When Troy stepped up to the plate, Coach Robinson put up Paul again to pitch, and Pablo looked into Troy’s eyes and could tell that Troy wasn’t afraid of Paul like all of the other hitters, and even before Troy sent one of Paul’s pitches far over and above the back fence, Pablo knew he had cost his team the game. And after the final man reached home and Troy’s team ran onto the field to pick him up and carry him, Pablo looked at Coach Robinson and could not catch his eye. And after the game, when the rest of the Wildcats were giving Pablo the silent treatment and Pablo was trying to make himself as small as possible, Jimmy Philips opened his big mouth and said “This is why wetbacks shouldn’t play baseball”. And Pablo looked into the stands, but, of course, his sister was not there because she now lived in Albuquerque studying nursing, and so he repeated to himself the words she had told him before, but they rang feeble and hollow, and so he picked up a bat, walked up to Jimmy and swung as hard as he could, and a second later he wanted to stop and take it all back, but he couldn’t because Jimmy was on the ground, unmoving and quiet.
His other teammates stood silent and stunned. “What did you do?” He heard one of them whisper, and then it was all a blur and the only thing Pablo remembered was running, running out of the baseball field, running down the street, running back home where he took as many clothes as he could fit in his backpack and his stash of $54.21 and didn’t even wait for his mother to come back home from the diner. He just called a taxi and used his money to go as far as he could go towards Albuquerque.
From far behind the truck, Pablo heard the sound of shattering glass and then immediately afterward, two screams, one deep and low and the other high and screeching. The truck ceased its speedy straight-line drive and suddenly swerved to the left. But its momentum carried it on and the left front and back wheels of the truck quickly lifted off the ground turning it over. After the first roll, the tarp hung loosely from the back of the truck and many of the items inside had already spilled into the road. The truck flipped again and then once more, spilling the rest of the back bed's contents before it wobbled and settled onto its side. No sound was coming from the truck except for a steady hiss which seemed to emanate from the hood. Pablo remained motionless, his mouth agape and his eyes wide for a few seconds, and then he was running, breaking into a full sprint towards the wreckage.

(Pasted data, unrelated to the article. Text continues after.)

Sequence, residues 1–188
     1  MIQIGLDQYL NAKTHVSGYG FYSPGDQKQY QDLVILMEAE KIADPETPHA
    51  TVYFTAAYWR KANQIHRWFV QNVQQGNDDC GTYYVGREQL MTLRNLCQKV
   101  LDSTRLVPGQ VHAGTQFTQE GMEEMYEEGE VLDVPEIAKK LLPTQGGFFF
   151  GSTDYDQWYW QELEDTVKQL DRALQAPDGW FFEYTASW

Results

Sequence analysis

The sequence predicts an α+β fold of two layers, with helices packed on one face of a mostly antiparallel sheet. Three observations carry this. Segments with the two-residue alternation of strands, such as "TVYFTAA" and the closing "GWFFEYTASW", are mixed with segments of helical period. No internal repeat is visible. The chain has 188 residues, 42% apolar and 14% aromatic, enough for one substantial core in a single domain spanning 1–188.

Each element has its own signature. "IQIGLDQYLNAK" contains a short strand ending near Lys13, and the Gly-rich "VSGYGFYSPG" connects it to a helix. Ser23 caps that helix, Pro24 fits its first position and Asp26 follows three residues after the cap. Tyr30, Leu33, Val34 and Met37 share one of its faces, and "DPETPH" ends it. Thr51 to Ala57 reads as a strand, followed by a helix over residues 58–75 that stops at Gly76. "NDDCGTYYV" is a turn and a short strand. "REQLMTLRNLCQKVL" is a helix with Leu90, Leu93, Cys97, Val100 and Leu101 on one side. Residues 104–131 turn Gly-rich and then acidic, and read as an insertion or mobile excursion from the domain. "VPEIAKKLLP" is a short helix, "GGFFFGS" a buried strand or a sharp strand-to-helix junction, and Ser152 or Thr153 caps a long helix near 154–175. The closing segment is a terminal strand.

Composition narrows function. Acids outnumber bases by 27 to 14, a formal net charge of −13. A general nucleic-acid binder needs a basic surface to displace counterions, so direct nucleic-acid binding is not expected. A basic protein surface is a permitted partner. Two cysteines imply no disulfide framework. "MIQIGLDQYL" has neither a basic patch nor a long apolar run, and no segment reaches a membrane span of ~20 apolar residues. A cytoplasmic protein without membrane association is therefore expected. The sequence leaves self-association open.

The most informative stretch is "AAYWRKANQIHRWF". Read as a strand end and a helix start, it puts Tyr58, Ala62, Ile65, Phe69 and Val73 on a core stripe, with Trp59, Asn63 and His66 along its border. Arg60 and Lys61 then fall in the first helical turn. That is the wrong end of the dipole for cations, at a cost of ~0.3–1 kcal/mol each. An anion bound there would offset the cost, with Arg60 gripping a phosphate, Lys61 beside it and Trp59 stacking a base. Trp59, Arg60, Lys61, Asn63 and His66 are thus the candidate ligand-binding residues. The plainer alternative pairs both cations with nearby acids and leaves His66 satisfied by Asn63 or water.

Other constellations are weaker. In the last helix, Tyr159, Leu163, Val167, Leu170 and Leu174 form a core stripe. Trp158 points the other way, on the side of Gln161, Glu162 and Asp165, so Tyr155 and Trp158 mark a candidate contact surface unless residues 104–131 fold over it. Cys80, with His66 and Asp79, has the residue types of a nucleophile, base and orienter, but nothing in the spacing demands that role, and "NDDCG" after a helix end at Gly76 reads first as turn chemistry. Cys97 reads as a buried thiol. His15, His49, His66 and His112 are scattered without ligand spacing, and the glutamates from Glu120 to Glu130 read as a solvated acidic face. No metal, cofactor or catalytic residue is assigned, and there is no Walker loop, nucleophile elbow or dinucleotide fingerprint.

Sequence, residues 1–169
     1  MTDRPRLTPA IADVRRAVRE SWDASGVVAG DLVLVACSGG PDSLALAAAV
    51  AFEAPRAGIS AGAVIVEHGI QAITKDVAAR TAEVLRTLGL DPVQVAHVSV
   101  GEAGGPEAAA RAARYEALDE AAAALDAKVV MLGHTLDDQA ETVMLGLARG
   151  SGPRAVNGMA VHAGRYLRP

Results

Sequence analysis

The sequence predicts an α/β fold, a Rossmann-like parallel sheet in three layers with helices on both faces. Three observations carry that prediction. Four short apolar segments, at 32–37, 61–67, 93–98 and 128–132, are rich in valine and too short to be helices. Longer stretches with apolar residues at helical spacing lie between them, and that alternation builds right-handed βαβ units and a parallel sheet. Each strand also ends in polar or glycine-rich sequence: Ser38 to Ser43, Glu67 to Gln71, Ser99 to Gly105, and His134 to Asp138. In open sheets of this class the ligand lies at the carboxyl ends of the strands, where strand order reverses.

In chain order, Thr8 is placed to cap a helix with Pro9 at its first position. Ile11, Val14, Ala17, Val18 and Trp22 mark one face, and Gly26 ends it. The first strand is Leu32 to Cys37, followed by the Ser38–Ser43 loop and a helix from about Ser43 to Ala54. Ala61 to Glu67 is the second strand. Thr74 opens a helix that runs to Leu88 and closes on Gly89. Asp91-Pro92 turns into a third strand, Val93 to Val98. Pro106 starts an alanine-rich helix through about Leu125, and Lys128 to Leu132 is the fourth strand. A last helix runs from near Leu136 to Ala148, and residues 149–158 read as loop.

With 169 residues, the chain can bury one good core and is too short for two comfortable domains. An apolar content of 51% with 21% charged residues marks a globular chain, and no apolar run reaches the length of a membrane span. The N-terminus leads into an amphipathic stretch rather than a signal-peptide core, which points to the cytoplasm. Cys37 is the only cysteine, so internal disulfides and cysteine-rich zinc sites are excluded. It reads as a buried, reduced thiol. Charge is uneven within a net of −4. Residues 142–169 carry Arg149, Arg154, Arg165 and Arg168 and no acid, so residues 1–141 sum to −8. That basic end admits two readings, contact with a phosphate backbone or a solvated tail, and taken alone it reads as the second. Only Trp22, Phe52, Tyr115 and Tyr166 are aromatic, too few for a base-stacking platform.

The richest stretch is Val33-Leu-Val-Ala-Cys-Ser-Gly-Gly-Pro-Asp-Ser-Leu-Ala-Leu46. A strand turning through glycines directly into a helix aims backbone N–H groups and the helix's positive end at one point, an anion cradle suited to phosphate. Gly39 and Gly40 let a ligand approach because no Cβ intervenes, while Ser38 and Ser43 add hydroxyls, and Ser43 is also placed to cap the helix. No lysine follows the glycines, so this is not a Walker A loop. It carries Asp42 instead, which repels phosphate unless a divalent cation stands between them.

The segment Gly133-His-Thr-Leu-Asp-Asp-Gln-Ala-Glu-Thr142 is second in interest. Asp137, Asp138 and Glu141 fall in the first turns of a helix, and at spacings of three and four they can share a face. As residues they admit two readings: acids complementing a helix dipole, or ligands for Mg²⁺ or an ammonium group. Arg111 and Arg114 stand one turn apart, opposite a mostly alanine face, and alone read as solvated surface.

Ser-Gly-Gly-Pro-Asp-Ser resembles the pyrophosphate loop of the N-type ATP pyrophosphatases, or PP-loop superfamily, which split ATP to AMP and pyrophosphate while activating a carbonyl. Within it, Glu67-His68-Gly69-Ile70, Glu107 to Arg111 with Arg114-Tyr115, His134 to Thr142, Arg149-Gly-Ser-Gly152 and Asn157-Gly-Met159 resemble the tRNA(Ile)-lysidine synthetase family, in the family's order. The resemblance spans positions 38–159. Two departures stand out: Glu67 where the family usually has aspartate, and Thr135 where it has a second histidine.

Pablo ran fast and hard, his legs once again finding the speed his fear demanded, the wind whipping across his face, clearing the tears from his eyes. Alicia had told him he was the fastest guy on his junior varsity team, and now Pablo still hoped it was true. But even with his speed, he could not miss seeing the debris of the wreckage which marked the trail up to the truck. The first things Pablo came upon were cigars spilling out of a wooden box and broken wine bottles draining their dark red contents off the side of the street. A few yards ahead, he ran past a suitcase that lay open with women's clothes and a pair of sneakers nearby. He then came upon a large quilt with pictures of small animals scattered in the networked patches. Closest to the truck, a small woven basket lay overturned with a teddy bear and a tiny maraca nearby.
By the time Pablo swung around the overturned truck, he knew what he was going to see. A dark-skinned man and woman lay motionless inside, the man stretching the seat belt that held him up against the pull of gravity and the woman with her head against the window, one arm pinned to her side and the other arm cradling her swollen stomach.
Pablo brought his face to his hands, but before he closed his eyes he saw an object reflecting light from the interior of the truck. He squinted to get a better look and saw the snow globe, overturned but intact, nestled between the dashboard and the windshield.